Michigan War Studies Review
Reviews, surveys, original essays, and commentary in the field of military studies.
24 Apr. 2017
Review by Steven K. Bailey, Central Michigan University
Pearl Harbor: From Infamy to Greatness
By Craig Nelson
New York: Scribner, 2016. Pp. x, 532. ISBN 978–1–4516–6049–4.
Descriptors: Volume 2017, 20th Century, World War II Print Version

In a book published to coincide with the seventy-fifth anniversary of the Japanese attack on Pearl Harbor, prolific historian Craig Nelson[1] addresses four points of inquiry. First, the political instability of prewar Japan that led to the attack on Pearl Harbor and a disastrous conflict with the United States. Second, the many opposition voices that predicted the attack yet went unheeded. Third, the role of key figures like Rear Adm. Husband Kimmel and Lt. Gen. Walter Short, commanding US forces in Hawaii, and Japanese Ambassador Kichisaburo Nomura. Fourth, the legacy of Pearl Harbor and its lasting effects on the United States and the postwar global order. Though written for a general readership, it will appeal to and instruct interested military historians and other specialists as well.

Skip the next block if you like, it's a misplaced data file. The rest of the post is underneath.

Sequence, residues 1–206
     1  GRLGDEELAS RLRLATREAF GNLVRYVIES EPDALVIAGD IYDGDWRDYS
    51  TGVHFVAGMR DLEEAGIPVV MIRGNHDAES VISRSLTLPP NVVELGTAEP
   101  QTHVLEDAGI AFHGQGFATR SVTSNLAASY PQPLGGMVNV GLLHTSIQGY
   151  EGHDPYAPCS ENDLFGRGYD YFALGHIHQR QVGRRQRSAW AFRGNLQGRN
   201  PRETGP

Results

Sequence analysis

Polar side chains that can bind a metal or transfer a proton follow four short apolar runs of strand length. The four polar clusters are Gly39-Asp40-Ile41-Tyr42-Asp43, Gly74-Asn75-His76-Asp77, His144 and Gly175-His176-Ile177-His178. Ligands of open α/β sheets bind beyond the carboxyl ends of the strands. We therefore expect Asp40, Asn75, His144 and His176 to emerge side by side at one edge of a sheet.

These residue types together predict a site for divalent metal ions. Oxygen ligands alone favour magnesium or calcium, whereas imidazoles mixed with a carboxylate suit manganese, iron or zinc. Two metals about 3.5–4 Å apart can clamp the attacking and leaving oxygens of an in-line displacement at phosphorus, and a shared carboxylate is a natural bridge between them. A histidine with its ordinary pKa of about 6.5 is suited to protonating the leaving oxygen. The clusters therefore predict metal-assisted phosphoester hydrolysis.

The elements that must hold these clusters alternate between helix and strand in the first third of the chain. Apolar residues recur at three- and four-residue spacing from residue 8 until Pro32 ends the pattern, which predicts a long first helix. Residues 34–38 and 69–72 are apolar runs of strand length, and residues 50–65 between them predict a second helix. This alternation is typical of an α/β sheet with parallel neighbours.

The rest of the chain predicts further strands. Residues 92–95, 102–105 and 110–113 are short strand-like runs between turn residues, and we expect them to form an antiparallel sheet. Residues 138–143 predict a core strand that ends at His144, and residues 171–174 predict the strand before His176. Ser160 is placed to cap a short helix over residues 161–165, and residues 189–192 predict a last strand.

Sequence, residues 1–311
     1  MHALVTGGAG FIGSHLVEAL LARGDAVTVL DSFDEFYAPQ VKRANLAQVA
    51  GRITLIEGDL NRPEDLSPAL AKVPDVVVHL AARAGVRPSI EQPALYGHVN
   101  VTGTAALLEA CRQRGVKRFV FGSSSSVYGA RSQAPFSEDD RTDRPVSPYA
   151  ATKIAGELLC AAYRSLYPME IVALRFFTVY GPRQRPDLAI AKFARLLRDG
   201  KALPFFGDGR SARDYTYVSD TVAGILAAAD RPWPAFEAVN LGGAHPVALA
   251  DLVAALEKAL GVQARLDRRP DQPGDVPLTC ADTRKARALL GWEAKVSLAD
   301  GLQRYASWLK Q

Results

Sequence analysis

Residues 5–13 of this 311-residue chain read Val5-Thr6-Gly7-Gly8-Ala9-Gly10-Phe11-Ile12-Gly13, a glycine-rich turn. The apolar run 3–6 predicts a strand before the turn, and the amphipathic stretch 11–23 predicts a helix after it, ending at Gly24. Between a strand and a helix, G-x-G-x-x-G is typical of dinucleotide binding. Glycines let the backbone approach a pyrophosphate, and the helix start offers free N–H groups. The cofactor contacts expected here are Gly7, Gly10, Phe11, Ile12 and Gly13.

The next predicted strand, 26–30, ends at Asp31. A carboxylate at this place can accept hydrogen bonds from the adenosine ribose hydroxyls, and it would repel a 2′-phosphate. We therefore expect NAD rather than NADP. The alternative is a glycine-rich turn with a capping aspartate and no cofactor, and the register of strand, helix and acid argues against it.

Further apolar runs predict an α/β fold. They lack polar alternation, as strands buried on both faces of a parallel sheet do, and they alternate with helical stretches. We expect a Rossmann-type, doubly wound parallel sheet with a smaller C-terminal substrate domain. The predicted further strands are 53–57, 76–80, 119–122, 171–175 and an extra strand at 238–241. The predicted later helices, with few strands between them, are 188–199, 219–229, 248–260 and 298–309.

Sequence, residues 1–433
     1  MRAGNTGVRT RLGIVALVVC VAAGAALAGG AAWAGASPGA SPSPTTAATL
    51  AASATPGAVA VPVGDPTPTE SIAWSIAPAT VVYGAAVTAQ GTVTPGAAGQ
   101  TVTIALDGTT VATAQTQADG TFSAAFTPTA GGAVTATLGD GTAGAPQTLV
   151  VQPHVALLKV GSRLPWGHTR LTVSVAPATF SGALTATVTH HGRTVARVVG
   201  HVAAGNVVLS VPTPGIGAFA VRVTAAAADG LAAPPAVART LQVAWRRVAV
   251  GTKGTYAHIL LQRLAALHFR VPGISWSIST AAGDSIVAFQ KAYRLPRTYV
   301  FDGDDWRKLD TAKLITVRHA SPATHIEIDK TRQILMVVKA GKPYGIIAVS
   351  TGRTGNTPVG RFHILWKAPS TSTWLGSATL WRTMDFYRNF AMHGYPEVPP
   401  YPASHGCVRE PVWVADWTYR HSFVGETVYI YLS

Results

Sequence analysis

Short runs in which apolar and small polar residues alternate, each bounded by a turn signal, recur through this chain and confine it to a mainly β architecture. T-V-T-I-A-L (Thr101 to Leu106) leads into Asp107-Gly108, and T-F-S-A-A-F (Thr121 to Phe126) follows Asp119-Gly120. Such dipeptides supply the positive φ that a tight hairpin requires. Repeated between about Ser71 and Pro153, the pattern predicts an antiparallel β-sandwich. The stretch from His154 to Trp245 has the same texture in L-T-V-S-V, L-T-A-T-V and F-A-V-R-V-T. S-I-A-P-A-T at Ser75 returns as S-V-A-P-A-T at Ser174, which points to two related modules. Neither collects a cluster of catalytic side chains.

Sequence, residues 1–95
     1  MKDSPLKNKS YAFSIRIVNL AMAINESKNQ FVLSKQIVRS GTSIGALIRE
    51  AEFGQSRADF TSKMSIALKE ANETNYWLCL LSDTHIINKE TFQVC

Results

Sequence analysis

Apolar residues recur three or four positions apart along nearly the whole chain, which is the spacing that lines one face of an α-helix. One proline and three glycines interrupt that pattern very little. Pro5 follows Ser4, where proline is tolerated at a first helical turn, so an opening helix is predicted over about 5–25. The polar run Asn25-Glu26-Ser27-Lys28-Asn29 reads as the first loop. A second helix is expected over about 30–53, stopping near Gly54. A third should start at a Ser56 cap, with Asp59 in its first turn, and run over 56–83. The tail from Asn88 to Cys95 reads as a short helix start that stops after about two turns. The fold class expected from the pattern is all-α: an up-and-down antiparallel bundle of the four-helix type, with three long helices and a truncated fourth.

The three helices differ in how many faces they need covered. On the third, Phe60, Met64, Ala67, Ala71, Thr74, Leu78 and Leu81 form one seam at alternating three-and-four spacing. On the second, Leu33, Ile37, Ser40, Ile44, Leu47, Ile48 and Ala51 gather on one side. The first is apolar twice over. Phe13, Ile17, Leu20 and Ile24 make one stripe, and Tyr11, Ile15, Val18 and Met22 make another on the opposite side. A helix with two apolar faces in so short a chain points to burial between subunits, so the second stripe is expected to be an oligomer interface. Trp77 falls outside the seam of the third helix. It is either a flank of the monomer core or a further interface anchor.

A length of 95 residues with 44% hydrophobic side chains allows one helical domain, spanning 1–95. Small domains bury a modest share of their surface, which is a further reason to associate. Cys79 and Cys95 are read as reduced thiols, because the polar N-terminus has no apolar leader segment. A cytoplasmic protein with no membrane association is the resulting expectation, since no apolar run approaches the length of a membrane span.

A central thesis of the book is that the Pearl Harbor attack was a direct result of prewar Japan's political instability. In that chaotic environment, the country was increasingly dominated by a fascist military regime unable to provide stable or coherent governance. In the absence of any rational, long-term decision-making, the regime opted for immediate and impulsive military actions. Nelson argues that the continually shifting political landscape in Japan made it hard for the United States to prevent war and to know how best to defend against one, should it break out.